You remember time only when you are miserable; when you are blissful, time is forgotten. Time depends… If you are very miserable, one hour appears as if many days have passed. If you are blissful, many days appear as if just a few moments have passed. If you are totally blissful time stops, time disappears, evaporates; there is no time anymore. You simply live beyond time.
Two years passed. Maulingaputta had forgotten, but Buddha reminded him. Suddenly one day he said, “Maulingaputta, two years have passed. It is now time that you should ask your questions. I am ready to answer.”
Maulingaputta laughed. Buddha said, “You are laughing like mad. What has happened? Do you remember Manjushree’s laughter that day?”
Maulingaputta said, “My questions have fallen. I have nothing to ask. I have become utterly silent. You have not answered and yet you have answered.”

This is the true answer. The real master kills your questions in such a subtle way that you never become aware of it; without any bloodshed he goes on destroying your questions. Slowly, slowly, by and by, you become aware of the absurdity of all your questions. Slowly, slowly you become aware of the utter mystery of life. Life is not a problem and it cannot be reduced to questions; there is no answer for it. It is a mystery, unanswerable, insoluble. You have to live it, you have to taste it, you have to experience it. It is experienced in silence.
Hence meditation contains all the answers because meditation is the art of getting beyond the mind. Once the mind has gone with all its chattering, you are able to see; seeing happens. Seeing is transformation. When you see that which is, your whole life is transformed. You cannot live now against existence; it is impossible. You start living in harmony with existence.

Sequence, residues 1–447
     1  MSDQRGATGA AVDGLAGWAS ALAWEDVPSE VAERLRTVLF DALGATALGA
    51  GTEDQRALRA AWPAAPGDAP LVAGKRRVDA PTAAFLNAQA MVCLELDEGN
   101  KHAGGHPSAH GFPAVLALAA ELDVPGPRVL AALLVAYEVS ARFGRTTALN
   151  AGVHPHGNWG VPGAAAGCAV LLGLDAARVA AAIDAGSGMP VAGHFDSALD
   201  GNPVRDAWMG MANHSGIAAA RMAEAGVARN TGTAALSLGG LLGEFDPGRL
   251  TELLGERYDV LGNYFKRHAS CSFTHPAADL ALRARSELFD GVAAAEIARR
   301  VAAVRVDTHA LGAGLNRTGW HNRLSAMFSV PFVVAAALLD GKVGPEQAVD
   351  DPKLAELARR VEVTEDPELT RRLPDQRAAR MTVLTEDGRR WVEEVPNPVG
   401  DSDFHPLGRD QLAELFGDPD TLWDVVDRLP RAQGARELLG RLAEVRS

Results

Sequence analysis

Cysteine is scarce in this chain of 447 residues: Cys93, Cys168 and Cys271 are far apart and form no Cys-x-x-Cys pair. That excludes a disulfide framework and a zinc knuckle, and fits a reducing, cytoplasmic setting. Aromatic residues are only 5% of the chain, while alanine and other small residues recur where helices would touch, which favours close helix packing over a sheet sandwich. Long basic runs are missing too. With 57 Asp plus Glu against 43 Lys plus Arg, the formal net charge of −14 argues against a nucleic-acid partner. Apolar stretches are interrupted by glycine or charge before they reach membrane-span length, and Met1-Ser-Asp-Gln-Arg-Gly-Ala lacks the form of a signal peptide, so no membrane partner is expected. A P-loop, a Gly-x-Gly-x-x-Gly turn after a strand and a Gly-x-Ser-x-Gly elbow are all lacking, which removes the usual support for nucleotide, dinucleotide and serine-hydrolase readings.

Knowing, seeing, how can you go against the ultimate law of life? Nobody is so foolish. You go against it because you are not aware of it. When you are aware of it, you simply become a harmonious part of it; you fall into the organic unity of existence, you disappear as an ego – the dewdrop disappears into the ocean and becomes the ocean. That is fulfillment; that is contentment; that is the ultimate bliss, nirvana.

The second question:
I have four specialties: I sleep very deeply in your discourse; I eat lots of chocolate and ice cream; I am a German girl and I am fooling around with an Indian swami. Can I get enlightened?
Sleep is very helpful. Enlightenment is very close to sleep. Patanjali has exactly defined samadhi as sleep with only one little difference: that it is conscious sleep. The body sleeps, the mind sleeps, but something far more deep in you remains awake – at the very center of your being, a flame of awareness. So deep sleep is nothing to be worried about; deep sleep – that is very good. These discourses are meant for that. Just keep a little alert deep inside. If you don’t listen to my discourse, don’t worry about it; just remain a little alert inside. If my discourse can help you to fall into a deep sleep, at least something is happening. You are on the right track. Just a little deeper…